Baisha, Baishui Terrace, Black Dragon Pond, Impressions of Lijiang show, Jade Dragon Snow Mountain, Kunming, Lassi Sea, Lijiang, Napa Sea, Nasi Guest House, Nila Grassland, Shangri-La, Shigu, Songtsanlin Monastry, Tea Horse road, Tibet Guest house, Tiger Leaping Gorge, Yunnan minorities cultural village
A few days after returning from Mt Bromo (previous post), went for a family holiday to Yunnan, visiting Kunming, Lijiang and Shangri-La. Here are some of the (photo) highlights of the trip!
Day 1: Shi Lin (Stone Forest) and Jiu Xiang (a very impressive cave – actually several caves in all, quite recently turned into a tourist attraction).
Day 2: Visited the minorities cultural village most of the day, and finished the day with a walk down an old street in Kunming, and dinner around the neighbourhood.
After that, we took an overnight train to Lijiang.
Day 3: Arrived 7 plus am, and went to our (boutique) hotel to drop off our luggage. Then, on the recommendation of our hosts, we took a trip to Lassi Sea area for canoeing, horse riding (along the scenic old Tea Horse route, where salt and tea were carried on horses and traded in Lijiang Old City, long ago). At night, we visited the very happening old city of Lijiang (the one that is biggest, most bustling and touristy) – good for experiencing the vibrant atmosphere as there were live music everywhere, and lots of (young) people wandering around, and shopping.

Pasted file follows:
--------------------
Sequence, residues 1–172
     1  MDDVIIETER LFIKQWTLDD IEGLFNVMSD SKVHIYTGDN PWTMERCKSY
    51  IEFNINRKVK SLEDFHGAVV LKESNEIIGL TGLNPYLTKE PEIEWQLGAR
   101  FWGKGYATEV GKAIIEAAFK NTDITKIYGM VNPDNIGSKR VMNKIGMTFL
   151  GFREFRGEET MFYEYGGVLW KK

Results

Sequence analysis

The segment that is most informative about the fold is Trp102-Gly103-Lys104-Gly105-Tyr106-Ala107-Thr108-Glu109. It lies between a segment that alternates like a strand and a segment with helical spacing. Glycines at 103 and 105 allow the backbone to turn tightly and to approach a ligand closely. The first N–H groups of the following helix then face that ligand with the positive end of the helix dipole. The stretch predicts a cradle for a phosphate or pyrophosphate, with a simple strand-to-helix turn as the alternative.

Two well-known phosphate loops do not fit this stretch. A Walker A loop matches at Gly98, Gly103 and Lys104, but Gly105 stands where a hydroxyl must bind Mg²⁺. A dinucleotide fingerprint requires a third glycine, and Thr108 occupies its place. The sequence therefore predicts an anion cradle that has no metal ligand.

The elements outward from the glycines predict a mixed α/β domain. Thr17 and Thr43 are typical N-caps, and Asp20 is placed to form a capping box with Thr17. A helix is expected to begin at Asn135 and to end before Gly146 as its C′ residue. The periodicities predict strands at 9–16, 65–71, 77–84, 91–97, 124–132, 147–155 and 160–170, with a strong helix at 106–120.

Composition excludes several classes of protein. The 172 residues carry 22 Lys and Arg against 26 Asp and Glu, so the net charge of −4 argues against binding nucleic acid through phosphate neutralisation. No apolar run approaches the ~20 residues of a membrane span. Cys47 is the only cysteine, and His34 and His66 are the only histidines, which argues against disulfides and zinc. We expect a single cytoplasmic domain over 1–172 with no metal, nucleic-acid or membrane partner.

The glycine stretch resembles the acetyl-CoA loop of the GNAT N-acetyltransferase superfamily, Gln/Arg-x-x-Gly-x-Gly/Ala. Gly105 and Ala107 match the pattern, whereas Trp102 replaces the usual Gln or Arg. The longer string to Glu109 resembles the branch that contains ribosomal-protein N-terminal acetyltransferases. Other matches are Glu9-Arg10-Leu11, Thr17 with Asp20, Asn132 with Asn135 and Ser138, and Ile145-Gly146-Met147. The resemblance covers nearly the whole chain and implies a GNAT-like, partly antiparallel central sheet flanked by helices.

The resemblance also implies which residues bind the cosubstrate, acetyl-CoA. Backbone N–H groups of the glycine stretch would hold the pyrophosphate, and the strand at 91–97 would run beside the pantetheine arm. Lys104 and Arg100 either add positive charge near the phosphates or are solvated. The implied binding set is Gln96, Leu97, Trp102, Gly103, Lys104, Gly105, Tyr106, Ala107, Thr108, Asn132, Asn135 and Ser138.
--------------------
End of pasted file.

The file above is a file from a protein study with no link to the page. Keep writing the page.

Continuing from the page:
Day 4: Met up with our guide, who brought us to Blue Moon Valley, the Glacier on Jade Dragon Snow Mountain, and to watch the very famous Zhang Yimou show “Impressions of Lijiang”, featuring the various tribes of Yunnan performing against the backdrop of the mountain!
We then went to Baisha village (see above picture) for lunch and to walk around this rather quieter old town (certainly has a more “authentic” feel then the one we visited the night before, as the inhabitants of the village can be seen just hanging around the streets, even though the shops are also mostly catered to tourists).
Day 5: Early start for me and Chien to reach the Black Dragon Pond Park for the above (very famous) postcard scene of Lijiang (with water, bridge, pagoda and mountain backdrop). The park entrance fees are 80RMB, but its free before 7 am, for locals to go in to exercise, so if you want to go there, and save on the entrance fees, head there early!!. It is a pretty park, but as our hotel hosts opined, it is rather expensive just to pay 80RMB for the above scenery, and to spend 10 min there! But in my view, you definitely need to spend more than 10 min there (it is not that small a park!), and those who like such spaces will like it there.
After breakfast, we visited ShiGu (Stone Drum, literally) with our guide. This is a village at the “first bend of the Yangtze River”, which is interesting geographically (for the way the river does a dramatic 180 degree turn here) and historically (for its connection to the Long March). Fortunately, it was also a market day where the locals around the area gather to peddle their stuff (mostly food products) and it was interesting with Nongbu, our guide, telling us stories related to the place. If you go on your own though, it may be very much less interesting, if you are not into history …
After lunch at Shigu, it was time for us to do our trek along the Tiger Leaping Gorge. The car took us to Qiaotou, and after dropping off our bigger luggage at Jane’s Guest House, we were taken to the start of the hiking trail (which was some distance from the road, up a dusty road – there’s lots of construction everywhere in the area, I believe, for opening up the place to even more tourists, by building roads and railway lines).